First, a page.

Parkinsonâs disease (PD) is a progressive neurodegenerative disorder that is most common in patients over 65 years old, occurs in approximately 2 out of 1,000 people in the western hemisphere. PD is characterized by the progressive loss of midbrain dopamine neurons in the substantianigra, which causes motor dysfunction amongst other disorders. There is no cure for this disease currently, and dopamine replacement therapy has shown little efficacy. There has been growing evidence that adaptive immunity may play a role in PD progression as well as other neurodegenerative disorders including Alzheimerâs disease. In neurodegenerative diseases, the adaptive immune response may provide antigen-specific neuroprotection critical for brain repair. T cells act as the mediators of adaptive cellular immunity, allowing the body to mount increasingly potent responses to antigens of infected, transformed, or damaged self-cells with each encounter. A current debate in PD centers upon whether and how the adaptive immune response is involved in PD etiology and/or progression. Recent reports using MPTP mouse models for PD have suggested that CD4 T cells may either be protective, or promote PD-like motor behavioral symptoms.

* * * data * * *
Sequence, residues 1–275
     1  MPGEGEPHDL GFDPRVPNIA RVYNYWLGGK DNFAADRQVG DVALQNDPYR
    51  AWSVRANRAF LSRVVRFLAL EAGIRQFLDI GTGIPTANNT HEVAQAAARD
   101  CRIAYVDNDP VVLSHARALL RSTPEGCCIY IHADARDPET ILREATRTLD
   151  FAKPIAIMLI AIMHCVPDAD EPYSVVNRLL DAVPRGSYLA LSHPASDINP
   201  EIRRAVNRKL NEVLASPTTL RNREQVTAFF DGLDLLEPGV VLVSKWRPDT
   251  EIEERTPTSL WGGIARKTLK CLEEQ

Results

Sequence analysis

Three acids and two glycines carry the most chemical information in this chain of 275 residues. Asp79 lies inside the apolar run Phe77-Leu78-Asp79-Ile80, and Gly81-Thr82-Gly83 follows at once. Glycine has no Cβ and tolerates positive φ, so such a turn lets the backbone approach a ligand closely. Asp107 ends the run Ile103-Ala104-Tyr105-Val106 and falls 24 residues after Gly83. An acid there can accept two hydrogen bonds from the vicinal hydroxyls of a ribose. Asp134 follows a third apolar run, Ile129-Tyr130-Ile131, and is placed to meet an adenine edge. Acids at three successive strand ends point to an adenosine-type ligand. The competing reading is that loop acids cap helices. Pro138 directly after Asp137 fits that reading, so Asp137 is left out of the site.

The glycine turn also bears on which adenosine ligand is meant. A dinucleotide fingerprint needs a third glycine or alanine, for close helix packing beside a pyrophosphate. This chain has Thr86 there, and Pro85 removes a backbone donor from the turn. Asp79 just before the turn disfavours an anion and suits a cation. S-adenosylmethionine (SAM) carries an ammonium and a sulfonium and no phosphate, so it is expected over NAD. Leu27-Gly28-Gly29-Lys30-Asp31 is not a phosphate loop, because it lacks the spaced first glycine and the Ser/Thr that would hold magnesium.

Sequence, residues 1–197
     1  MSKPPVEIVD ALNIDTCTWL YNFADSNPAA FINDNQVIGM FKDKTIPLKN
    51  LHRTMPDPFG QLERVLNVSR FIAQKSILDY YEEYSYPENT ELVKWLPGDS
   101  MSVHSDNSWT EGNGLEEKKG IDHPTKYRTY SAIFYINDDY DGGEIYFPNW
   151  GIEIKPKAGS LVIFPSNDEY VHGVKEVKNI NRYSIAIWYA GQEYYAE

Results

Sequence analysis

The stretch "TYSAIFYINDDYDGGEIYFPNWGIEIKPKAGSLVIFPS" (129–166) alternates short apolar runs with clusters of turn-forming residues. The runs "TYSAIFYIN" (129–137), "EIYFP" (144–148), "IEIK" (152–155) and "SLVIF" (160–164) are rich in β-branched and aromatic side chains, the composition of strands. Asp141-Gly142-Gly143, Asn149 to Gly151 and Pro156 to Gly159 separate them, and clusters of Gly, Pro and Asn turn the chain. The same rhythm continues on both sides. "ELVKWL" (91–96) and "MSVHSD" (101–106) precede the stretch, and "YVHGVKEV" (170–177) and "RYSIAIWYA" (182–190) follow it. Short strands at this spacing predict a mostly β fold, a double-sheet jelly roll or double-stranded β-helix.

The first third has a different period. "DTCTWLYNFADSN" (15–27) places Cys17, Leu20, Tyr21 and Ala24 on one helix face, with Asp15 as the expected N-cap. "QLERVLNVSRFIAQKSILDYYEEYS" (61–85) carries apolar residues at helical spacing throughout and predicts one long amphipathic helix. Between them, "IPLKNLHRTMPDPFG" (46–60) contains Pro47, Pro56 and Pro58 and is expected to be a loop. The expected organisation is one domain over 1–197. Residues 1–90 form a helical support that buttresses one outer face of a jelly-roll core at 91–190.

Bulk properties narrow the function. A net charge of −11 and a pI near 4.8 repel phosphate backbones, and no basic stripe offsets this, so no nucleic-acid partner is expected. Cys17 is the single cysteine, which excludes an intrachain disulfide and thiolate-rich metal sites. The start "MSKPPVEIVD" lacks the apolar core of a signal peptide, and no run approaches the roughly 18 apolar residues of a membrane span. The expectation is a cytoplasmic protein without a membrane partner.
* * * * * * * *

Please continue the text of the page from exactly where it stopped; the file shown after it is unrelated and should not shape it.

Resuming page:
Last date updated on July, 2014